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Become An Automotive Service Technician

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Working As An Automotive Service Technician

  • Identifying Objects, Actions, and Events
  • Making Decisions and Solving Problems
  • Getting Information
  • Operating Vehicles, Mechanized Devices, or Equipment
  • Updating and Using Relevant Knowledge
  • Unpleasant/Hazardous Environment

  • Outdoors/walking/standing

  • Stressful

  • $39,495

    Average Salary

What Does An Automotive Service Technician Do

Automotive service technicians and mechanics, often called service technicians or service techs, inspect, maintain, and repair cars and light trucks.


Automotive service technicians and mechanics typically do the following:

  • Identify problems, often by using computerized diagnostic equipment
  • Plan work procedures, using charts, technical manuals, and experience
  • Test parts and systems to ensure that they work properly
  • Follow checklists to ensure that all critical parts are examined
  • Perform basic care and maintenance, including changing oil, checking fluid levels, and rotating tires
  • Repair or replace worn parts, such as brake pads, wheel bearings, and sensors
  • Perform repairs to manufacturer and customer specifications
  • Explain automotive problems and repairs to clients

Although service technicians work on traditional mechanical systems, such as engines, transmissions, and drivebelts, they must also be familiar with a growing number of electronic systems. Braking, transmission, and steering systems, for example, are controlled primarily by computers and electronic components.

Other integrated electronic systems, such as accident-avoidance sensors, are becoming common as well. In addition, a growing number of technicians are required to work on vehicles that consume alternative fuels, such as ethanol and electricity.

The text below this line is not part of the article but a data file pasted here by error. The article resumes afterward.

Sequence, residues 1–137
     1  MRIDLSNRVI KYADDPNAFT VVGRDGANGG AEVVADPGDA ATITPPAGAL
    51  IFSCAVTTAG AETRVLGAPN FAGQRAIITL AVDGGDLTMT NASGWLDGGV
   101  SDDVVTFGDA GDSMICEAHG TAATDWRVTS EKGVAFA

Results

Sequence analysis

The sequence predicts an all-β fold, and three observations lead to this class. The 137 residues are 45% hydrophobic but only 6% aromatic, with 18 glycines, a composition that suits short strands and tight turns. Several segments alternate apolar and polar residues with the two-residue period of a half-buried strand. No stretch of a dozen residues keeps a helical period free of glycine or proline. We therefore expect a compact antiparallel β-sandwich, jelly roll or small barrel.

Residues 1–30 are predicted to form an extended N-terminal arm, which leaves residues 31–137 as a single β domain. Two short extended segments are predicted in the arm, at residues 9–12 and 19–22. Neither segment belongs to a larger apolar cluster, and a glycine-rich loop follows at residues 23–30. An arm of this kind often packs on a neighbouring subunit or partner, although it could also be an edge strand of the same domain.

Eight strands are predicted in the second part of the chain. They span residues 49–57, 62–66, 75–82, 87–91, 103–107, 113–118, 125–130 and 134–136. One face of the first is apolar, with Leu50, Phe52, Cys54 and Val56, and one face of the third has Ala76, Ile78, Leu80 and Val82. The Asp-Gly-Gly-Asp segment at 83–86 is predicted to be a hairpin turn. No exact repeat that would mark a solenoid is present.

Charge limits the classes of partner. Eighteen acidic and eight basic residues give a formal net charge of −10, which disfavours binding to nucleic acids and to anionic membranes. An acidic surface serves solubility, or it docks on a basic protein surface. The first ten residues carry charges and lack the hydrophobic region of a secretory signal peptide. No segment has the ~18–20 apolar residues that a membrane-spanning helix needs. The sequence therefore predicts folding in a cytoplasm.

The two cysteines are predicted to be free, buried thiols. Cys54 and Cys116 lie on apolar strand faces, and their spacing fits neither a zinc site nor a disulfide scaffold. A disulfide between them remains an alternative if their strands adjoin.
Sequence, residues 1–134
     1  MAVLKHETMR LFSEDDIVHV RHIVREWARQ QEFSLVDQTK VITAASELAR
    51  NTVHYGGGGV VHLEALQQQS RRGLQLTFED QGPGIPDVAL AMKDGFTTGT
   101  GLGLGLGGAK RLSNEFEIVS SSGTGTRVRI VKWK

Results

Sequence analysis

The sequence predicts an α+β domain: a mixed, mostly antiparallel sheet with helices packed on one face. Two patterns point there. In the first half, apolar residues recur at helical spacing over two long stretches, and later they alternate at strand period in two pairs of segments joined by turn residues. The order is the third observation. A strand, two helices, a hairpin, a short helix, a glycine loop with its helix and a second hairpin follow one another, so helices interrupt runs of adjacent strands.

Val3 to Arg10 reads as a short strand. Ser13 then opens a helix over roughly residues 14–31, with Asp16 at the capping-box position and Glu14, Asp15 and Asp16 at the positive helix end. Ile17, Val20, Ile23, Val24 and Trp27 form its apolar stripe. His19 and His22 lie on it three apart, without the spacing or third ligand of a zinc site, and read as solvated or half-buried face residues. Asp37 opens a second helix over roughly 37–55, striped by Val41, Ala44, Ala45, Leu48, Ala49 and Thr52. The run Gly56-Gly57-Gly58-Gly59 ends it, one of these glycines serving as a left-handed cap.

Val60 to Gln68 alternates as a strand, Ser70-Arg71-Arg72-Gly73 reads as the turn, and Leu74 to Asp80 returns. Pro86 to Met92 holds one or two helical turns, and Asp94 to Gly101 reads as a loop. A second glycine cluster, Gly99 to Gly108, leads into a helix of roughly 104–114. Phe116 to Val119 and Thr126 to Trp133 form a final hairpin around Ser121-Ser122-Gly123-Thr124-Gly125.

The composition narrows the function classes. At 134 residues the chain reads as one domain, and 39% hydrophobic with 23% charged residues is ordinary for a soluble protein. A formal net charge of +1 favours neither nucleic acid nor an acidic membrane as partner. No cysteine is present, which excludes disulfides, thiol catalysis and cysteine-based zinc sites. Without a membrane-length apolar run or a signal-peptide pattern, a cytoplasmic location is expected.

Service technicians use many different tools, including computerized diagnostic tools and power tools such as pneumatic wrenches, lathes, welding torches, and jacks and hoists. These tools usually are owned by their employers.

Service technicians also use many common hand tools, such as wrenches, pliers, and sockets and ratchets. Service technicians generally own these tools themselves. In fact, experienced workers often have thousands of dollars invested in their personal tool collection. For example, some invest in their own set of pneumatic tools—such as impact wrenches—powered by compressed air.

The following are examples of types of service technicians:

Automotive air-conditioning technicians install and repair air-conditioners and parts, such as compressors, condensers, and controls. These workers must be trained and certified in handling refrigerants.

Brake technicians diagnose brake system problems, adjust brakes, replace brake rotors and pads, and make other repairs on brake systems. Some technicians specialize in both brake and front-end work. (See “Front-end technicians.”) 

Drivability technicians, also known as diagnostic technicians, use their extensive knowledge of engine management and fuel, electrical, ignition, and emissions systems to diagnose issues that prevent engines from performing efficiently. They often use the onboard diagnostic system of a car and electronic testing equipment such as scan tools and multimeters to find the malfunction.

Front-end technicians diagnose ride, handling, and tire wear problems. To correct these problems, they frequently use special alignment equipment and wheel-balancing machines.

Transmission technicians and rebuilders work on gear trains, couplings, hydraulic pumps, and other parts of transmissions. An extensive knowledge of computer controls and the ability to diagnose electrical and hydraulic problems are needed to work on these complex components.

For information about technicians who work on large trucks and buses, see the profile on diesel service technicians and mechanics.

For information about technicians who work on farm equipment, construction vehicles, and railcars, see the profile on heavy vehicle and mobile equipment service technicians.